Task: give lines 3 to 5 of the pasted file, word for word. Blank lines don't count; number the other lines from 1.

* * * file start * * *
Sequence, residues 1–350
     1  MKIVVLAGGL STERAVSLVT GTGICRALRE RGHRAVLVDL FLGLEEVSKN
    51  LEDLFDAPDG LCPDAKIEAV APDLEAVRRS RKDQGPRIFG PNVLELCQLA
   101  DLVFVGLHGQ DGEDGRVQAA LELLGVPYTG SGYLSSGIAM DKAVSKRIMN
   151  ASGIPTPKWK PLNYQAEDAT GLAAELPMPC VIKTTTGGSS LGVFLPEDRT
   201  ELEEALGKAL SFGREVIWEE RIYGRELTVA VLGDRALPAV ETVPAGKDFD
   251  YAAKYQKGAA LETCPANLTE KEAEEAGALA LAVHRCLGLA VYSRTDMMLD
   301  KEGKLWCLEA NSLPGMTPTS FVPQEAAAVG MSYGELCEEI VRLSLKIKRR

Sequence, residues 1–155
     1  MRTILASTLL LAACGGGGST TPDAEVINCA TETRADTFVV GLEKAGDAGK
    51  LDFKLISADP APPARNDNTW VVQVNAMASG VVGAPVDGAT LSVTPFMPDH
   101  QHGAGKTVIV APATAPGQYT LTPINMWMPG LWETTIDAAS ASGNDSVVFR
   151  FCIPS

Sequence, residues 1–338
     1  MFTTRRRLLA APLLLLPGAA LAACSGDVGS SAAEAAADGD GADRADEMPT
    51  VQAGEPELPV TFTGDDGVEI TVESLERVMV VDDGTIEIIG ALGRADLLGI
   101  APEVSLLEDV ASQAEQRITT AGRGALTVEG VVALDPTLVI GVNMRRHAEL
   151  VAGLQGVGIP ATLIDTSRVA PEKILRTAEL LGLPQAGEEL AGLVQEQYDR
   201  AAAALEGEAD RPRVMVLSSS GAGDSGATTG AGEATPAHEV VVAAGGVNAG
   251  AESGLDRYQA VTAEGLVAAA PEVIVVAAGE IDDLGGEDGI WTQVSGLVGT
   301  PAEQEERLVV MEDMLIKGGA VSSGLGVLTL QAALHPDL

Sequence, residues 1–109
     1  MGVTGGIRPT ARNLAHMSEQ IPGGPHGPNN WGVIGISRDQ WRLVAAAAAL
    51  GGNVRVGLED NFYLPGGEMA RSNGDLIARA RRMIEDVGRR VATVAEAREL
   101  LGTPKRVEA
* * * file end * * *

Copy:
    51  LEDLFDAPDG LCPDAKIEAV APDLEAVRRS RKDQGPRIFG PNVLELCQLA
   101  DLVFVGLHGQ DGEDGRVQAA LELLGVPYTG SGYLSSGIAM DKAVSKRIMN
   151  ASGIPTPKWK PLNYQAEDAT GLAAELPMPC VIKTTTGGSS LGVFLPEDRT